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|Title:||The ability of the South African Small Medium Enterprise Development Programme to promote economic growth and employment||Authors:||Jessup, Dylan||Keywords:||Small business--Finance;Economic development--South Africa;Government aid to small business--South Africa;Small business--South Africa;Small business--Growth||Issue Date:||2008||Abstract:||The ability of the South African Small Medium Enterprise Development
Programme to promote economic growth and employment.
The Department of Trade and Industry (DTI) offers the Small Medium
Enterprise Development Programme (SMEDP) incentive grant programme to
qualifying manufacturers in South Africa. The status of the progress of this
incentive grant programme is unknown. The DTI alluded to an impact study in
the 2004 DTI Annual Report but no further reference or publication of results
of the impact study has been made.
The objectives of the study are to investigate the following three criteria of the
SMEDP and to develop benchmarks and recommendations for future
incentive grants offered by the DTI.
• Rationale for implementation of SMEDP;
• Exploration of SMEDP merits; and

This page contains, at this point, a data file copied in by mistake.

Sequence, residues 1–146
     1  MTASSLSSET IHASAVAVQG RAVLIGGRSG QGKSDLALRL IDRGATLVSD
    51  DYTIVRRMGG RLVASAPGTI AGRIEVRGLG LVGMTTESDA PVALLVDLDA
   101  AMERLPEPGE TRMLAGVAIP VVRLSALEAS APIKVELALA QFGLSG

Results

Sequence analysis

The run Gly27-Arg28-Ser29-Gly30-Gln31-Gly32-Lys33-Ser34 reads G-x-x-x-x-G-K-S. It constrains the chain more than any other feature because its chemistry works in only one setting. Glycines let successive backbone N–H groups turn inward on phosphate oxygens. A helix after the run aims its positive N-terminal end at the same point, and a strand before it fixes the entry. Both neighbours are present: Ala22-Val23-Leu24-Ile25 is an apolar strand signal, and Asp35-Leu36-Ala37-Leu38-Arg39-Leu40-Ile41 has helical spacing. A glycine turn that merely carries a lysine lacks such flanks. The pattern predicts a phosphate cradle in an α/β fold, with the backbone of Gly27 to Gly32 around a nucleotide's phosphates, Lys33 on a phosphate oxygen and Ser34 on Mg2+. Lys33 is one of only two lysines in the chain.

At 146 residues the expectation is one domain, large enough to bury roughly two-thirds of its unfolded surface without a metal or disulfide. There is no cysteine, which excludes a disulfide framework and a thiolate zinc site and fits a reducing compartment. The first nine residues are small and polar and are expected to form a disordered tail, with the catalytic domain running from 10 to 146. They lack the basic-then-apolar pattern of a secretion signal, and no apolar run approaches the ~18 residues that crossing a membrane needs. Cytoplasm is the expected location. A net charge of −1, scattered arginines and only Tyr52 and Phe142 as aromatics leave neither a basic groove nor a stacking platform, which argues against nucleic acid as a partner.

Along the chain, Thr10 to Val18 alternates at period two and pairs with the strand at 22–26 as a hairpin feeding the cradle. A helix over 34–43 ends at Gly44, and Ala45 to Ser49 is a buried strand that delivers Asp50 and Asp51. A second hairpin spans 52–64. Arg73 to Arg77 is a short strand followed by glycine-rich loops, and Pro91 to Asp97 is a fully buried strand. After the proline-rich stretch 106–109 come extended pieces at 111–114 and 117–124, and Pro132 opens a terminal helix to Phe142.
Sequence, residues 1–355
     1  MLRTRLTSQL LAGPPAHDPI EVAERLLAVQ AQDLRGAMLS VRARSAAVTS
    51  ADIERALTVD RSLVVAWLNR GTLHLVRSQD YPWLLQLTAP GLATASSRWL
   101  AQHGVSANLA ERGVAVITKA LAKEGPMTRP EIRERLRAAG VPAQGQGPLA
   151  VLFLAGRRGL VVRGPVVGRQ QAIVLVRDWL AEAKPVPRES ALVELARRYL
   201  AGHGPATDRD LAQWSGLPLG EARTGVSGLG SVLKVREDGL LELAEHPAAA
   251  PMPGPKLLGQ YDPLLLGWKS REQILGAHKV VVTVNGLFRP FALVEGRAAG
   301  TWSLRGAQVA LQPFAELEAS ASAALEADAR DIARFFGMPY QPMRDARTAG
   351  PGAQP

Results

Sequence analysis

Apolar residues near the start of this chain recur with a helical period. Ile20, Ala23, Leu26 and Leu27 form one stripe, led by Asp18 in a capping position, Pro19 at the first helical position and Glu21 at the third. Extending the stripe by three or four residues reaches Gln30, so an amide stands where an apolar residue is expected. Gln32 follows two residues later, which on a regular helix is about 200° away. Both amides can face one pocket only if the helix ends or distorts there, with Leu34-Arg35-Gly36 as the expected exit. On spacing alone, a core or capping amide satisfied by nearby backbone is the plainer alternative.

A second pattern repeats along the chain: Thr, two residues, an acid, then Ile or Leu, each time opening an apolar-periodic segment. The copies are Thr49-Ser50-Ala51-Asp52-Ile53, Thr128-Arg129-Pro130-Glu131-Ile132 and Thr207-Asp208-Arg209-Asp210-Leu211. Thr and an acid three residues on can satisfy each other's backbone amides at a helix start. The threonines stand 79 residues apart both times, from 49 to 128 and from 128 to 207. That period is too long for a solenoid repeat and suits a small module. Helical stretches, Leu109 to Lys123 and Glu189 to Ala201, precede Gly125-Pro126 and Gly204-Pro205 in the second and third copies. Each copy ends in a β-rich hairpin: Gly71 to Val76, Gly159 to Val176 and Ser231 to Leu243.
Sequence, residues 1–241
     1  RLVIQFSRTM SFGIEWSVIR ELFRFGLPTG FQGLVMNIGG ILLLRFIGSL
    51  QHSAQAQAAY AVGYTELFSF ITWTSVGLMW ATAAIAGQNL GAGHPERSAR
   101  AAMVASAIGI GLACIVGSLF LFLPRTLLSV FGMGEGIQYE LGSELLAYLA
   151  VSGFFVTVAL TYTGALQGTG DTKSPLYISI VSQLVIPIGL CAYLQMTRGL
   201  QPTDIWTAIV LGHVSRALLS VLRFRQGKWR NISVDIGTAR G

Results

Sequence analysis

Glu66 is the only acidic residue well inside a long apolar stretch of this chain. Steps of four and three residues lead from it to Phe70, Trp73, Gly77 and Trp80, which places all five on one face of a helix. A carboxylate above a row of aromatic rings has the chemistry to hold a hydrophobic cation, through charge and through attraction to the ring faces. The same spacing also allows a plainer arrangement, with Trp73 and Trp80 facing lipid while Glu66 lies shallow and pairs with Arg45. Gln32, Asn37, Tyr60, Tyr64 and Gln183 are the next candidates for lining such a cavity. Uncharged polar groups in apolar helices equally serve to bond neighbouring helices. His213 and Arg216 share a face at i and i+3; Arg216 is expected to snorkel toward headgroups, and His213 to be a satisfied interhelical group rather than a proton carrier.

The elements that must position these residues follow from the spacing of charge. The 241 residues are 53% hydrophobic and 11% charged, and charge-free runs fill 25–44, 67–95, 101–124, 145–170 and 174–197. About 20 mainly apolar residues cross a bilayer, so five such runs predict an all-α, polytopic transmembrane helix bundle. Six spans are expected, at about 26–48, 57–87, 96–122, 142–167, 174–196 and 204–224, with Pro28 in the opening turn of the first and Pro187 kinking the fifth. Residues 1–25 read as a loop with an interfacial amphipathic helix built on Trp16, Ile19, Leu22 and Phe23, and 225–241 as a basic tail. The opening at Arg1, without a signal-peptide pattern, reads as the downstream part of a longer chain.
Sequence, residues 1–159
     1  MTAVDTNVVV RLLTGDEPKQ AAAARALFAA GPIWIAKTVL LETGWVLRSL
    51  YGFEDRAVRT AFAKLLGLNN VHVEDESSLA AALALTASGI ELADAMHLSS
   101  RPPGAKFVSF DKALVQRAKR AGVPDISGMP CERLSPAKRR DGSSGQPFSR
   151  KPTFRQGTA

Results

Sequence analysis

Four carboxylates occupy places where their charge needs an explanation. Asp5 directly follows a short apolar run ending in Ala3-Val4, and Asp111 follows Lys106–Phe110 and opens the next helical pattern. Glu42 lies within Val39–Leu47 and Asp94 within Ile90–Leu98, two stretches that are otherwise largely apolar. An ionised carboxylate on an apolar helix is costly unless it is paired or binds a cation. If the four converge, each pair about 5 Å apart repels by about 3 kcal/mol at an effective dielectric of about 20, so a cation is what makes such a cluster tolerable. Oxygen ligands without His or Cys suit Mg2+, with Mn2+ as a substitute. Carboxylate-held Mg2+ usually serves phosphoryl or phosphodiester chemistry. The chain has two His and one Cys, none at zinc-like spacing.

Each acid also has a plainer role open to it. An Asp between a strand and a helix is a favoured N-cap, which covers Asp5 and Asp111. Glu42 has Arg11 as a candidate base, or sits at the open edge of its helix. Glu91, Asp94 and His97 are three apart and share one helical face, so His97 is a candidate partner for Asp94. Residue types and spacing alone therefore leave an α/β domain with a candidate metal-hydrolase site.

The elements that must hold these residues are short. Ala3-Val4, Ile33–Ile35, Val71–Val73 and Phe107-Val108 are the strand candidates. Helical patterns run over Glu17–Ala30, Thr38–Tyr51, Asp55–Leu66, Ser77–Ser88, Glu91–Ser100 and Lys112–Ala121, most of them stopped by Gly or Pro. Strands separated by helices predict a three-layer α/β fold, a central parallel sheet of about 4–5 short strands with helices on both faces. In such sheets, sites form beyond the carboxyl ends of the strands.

• Measure of SMEDP success.
The study is a secondary analysis design with both qualitative and
quantitative components. The qualitative component allows the researcher to
reflect on the process by which the incentive programme under investigation
came into being, whilst the quantitative component allows for comment on the
result of the process as per the markers developed in the qualitative
component of the design.
There were 152 sample cases used in the study.
The outcome measures are the output measures stated in the Medium Term
Strategic Plan which are:
• The number of jobs sustained.
• The number of jobs created.
• The number of Greenfield’s projects supported.
• The fixed investment in Rand terms.
• The improvement in employment levels.
The DTI achieved certain of the stated objectives. The empirical data
analysed confirms the achievement of these objectives. There is scope for
further empirical investigation for the future development of incentive grants.
The contribution of the SMEDP to economic growth and employment growth
is evident and such government interventions should be continued.
The recommendations from the study include further investigation into the
following areas to improve the benefits provided by manufacturing incentive
• Limit the incentive to a specified Rand value per job created;
• Volume driven turnover growth not price driven turnover growth;
• The continued inclusion of expansions in future programme; and
• Specified sector programmes i.e. textile sector.
|Description:||Submitted in partial fulfilment of the requirements for the degree of Masters in Business Administration (MBA), Business Studies Unit--Durban University of Technology, 2008||URI:||http://hdl.handle.net/10321/397|
|Appears in Collections:||Theses and dissertations (Management Sciences)|
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